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Schwarz Inequality and Irrational Numbers

  1. Aug 17, 2004 #1
    Hello everyone. I have 2 questions.

    1. Prove that the cube root (3) + sqrt (2) is irrational.

    My Solution​
    Assume l is an irrational number of the form p/q where p and q are integers not equal to 0. Then

    p^6 / q^6 = [(cube root(3) + sqrt (2))]^6

    I concluded that it must be in the form x^6 +a1x^5 + ... + an(sub n) = 0, where a1..an are integers. I do not know how to prove whether x is irrational or integral. I tried using a simpler case like sqrt (2), but it did not work.

    2. State the geometrical interpretation of Schwarz Inequality for n = 2, 3.

    I know the interpretation is for any angle between two straight lines the cosine is less than the absolute value of 1. But how do you get that?

    I know Schwarz Inequality is:

    (a1b1 + a2b2 +... +anbn)^2 <= (a1^2+a2^2+...+an^2) (b1^2+b2^2+...+bn^2).

    So for n = 2, we have (a1b1 +a2b2)^2 <= (a1^2+a2^2)(b1^2+b2^2). However how do we get the interpretation mentioned above?

    3. Show that the equality sign in Schwarz Inequality holds if and only if the a's and b's are proportional; cav +dbv = 0.

    My Solution​
    We know that ax^2 + 2bx + c = a(x+ b/a)^2 + ac-b^2/ a
    If b^2 - ac = 0 we can set above equation equal to 0. Then ehat?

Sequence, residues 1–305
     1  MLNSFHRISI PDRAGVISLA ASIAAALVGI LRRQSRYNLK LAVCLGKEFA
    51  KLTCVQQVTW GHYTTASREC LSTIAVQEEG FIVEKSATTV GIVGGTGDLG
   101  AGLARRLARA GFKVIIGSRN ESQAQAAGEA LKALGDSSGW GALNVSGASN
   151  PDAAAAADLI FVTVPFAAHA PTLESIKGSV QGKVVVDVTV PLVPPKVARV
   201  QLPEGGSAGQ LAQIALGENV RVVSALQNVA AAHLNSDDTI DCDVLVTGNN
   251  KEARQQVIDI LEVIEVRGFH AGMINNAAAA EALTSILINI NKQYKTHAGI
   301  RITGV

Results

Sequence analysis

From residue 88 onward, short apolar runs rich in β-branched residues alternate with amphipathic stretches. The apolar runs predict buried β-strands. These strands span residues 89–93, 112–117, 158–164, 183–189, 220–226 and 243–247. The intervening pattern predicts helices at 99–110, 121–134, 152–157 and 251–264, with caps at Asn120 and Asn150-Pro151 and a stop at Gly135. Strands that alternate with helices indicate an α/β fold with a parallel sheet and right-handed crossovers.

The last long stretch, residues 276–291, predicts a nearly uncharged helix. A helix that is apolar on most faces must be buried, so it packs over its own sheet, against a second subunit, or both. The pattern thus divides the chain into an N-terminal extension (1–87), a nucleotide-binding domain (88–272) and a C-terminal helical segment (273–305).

I would appreciate any responses.

  2. jcsd
  3. Aug 17, 2004 #2


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    1. There's a nifty theorem about the rational solutions of polynomials:

    Given the polynomal [itex]a_n x^n + \ldots + a_1 x + a_0[/itex], with all of the a_i integers, all rational solutions are given by p/q where p divides a_0 and q divides a_n.

    2. Do you recognize a1b1 + a2b2 as the dot product of <a1, a2> with <b1, b2>?
  4. Aug 17, 2004 #3
    any ideas about the third problem?
  5. Aug 18, 2004 #4
    Here is my solution to the third problem:

    ax^2 + 2bx + c = 0 iff b^2 - ac = 0. Then we apply Schwarz inequality. However this is where I get stuck. How do we apply Schwarz Inequality?

    Note: ax^2 + 2bx + c = 0 is same as a(x + b/a )^2 + (ac - b^2 )/ a = 0
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